The U.S. Census Bureau does its big count every ten years, and
updates the numbers in the middle of the decade. The 2005 figures
show that the Hispanic population is pulling further ahead of
African Americans. There are officially 2.1 million more self-identified
Hispanics in the U.S. than self-identified Blacks, 41.3 million
Hispanics compared to 39.2 million African Americans. And, with
immigration and high Hispanic birth rates, there is no reason
to believe the trend will not continue.
Among most marketers and political demographers, it has long been
a done deal that Hispanics have replaced Blacks as the nation's
biggest ethnic group. But that's only true if one believes
that "Hispanic" is an ethnicity. And that is more
than open to question.
There is no doubt that Black Americans are an ethnic group. Their
ancestors, who came from many African nations, speaking many languages,
worshipping different gods, were forced to become one people during
slavery. Over the centuries, Blacks did become one people, and
remained so after Emancipation, within the confines of Jim Crow.
Indeed, even in that peculiar place called Louisiana, differentiations
among the Black population were blurred by the heavy hand of segregation.
Jim Crow further knitted Blacks together, as the freed men and
women of the South, as in the North, built Black social, cultural
and political infrastructures – monuments to Black identity.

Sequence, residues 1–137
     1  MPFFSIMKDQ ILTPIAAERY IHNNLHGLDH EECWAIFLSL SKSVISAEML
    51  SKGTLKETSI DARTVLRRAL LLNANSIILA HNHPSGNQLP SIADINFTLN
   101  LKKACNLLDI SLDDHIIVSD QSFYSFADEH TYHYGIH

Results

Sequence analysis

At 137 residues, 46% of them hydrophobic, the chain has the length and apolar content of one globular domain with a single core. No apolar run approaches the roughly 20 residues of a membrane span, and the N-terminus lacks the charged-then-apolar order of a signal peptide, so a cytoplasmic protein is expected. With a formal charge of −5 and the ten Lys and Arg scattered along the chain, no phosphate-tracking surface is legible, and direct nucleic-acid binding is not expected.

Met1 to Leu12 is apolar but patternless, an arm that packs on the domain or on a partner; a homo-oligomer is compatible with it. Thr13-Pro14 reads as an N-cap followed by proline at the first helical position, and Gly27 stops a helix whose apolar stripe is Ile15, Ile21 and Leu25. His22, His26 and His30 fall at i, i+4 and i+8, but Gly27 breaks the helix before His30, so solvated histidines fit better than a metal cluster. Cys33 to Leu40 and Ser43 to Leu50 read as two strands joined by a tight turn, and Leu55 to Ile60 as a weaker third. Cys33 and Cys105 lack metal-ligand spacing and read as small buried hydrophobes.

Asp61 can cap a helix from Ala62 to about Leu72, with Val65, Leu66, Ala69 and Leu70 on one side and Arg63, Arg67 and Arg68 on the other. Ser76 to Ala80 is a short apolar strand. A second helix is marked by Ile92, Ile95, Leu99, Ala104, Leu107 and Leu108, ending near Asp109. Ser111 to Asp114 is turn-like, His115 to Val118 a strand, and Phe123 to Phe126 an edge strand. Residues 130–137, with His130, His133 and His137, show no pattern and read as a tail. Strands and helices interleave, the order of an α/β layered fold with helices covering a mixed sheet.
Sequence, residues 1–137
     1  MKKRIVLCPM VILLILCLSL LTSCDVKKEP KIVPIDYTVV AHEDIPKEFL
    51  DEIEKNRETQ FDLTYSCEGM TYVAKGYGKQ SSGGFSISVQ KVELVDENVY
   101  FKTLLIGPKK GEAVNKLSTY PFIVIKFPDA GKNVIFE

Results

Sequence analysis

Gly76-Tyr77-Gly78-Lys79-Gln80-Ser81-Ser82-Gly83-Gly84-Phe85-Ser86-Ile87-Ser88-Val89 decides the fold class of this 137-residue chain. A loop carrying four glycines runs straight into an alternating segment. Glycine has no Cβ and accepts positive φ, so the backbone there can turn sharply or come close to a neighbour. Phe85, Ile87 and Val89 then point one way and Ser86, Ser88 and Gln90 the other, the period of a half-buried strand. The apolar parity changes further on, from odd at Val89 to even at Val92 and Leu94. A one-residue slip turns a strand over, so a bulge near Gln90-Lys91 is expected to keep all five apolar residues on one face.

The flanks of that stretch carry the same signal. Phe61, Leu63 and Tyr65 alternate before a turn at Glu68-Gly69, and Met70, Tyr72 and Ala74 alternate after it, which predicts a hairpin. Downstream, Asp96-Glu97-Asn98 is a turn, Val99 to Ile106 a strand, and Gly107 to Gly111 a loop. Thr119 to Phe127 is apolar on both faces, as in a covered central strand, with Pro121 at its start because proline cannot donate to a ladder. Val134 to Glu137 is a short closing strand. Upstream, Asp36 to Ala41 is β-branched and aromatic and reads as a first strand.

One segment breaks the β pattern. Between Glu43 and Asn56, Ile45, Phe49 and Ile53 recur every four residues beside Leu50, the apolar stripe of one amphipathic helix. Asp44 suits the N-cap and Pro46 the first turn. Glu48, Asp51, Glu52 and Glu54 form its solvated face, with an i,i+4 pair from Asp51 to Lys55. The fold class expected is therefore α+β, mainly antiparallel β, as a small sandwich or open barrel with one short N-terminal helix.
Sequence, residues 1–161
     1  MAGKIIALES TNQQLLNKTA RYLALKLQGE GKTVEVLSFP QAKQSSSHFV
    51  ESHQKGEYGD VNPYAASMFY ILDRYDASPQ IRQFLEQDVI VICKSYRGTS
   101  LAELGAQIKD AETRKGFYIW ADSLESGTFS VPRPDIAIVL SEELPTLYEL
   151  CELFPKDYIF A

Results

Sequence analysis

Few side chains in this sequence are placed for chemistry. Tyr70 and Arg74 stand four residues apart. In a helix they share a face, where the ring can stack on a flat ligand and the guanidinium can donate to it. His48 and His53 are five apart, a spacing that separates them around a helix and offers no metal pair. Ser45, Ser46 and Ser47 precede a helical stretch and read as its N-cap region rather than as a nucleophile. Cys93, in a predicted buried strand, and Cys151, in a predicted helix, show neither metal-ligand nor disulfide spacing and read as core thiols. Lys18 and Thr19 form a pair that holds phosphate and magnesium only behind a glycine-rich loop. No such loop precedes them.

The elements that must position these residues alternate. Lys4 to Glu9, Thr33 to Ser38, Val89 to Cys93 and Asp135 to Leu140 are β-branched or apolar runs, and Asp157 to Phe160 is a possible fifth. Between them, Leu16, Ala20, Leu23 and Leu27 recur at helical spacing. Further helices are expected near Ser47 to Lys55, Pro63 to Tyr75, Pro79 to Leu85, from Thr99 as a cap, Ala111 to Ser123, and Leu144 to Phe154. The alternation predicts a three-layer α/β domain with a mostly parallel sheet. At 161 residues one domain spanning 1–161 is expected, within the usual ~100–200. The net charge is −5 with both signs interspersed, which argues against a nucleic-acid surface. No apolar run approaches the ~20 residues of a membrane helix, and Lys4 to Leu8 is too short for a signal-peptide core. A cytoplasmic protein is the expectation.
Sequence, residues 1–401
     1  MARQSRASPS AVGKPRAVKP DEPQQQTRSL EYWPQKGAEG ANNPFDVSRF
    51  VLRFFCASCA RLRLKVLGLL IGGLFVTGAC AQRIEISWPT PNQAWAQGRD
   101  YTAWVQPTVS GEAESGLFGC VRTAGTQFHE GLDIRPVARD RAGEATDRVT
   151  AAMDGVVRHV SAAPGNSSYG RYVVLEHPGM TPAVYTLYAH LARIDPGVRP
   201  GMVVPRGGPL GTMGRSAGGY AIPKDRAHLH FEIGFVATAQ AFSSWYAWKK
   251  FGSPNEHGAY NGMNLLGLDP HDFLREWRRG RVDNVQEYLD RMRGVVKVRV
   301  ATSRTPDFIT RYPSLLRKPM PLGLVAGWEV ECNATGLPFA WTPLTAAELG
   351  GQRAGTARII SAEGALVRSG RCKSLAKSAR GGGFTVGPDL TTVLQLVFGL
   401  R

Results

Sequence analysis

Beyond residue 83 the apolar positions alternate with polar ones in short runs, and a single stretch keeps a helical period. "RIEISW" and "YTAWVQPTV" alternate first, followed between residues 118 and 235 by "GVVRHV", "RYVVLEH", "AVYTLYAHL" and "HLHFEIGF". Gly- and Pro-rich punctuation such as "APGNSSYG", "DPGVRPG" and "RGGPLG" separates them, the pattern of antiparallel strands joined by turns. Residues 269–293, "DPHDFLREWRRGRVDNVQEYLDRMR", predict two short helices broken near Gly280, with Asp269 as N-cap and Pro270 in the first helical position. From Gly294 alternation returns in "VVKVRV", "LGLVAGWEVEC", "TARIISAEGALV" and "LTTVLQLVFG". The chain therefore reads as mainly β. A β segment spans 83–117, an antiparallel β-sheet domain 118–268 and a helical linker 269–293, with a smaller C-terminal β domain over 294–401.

The surrounding white nation relentlessly encouraged the flowering
of a Black polity based on Black ethnicity. This policy was the
other side of the coin of the American policy of assimilating
"all the nations of Europe" into a big white "melting
pot." The whites became "Americans." We remained
African Americans. The Black polity, which is a kind of nation,
already existed when the great waves of Europeans arrived after
the Civil War. It is a multi-textured but amazingly unified cultural
and political entity, now almost 40 million strong. We don't
all agree, but we share the same social and historical reference
points. Black Americans are an ethnicity and a polity.
Hispanic Americans come from many nations. In their ancestral
countries, they often comprise many separate ethnicities. A Peruvian
Indian is ethnically different than a member of the white elite
of that country, and remains so w hen both groups of Peruvians
emigrate to the United States, where both are ethnically different
than Afro-Caribbean Hispanic immigrants. Calling all Hispanics
in the U.S. one ethnic group in effect denies their actual, varied
ethnicity. Hispanics in the U.S. are many people. Often, Hispanics
in the U.S. who hail from the same country are ethnically different.
No, it is a stretch of social science to lump Hispanics together
as one ethnicity, although it is certainly possible that at some
time in the future a portion of the various Hispanic ethnicities
will forge a common culture and worldview within the U.S., as
have African Americans over the centuries. But that remains to
be seen. For Radio BC, I'm Glen Ford.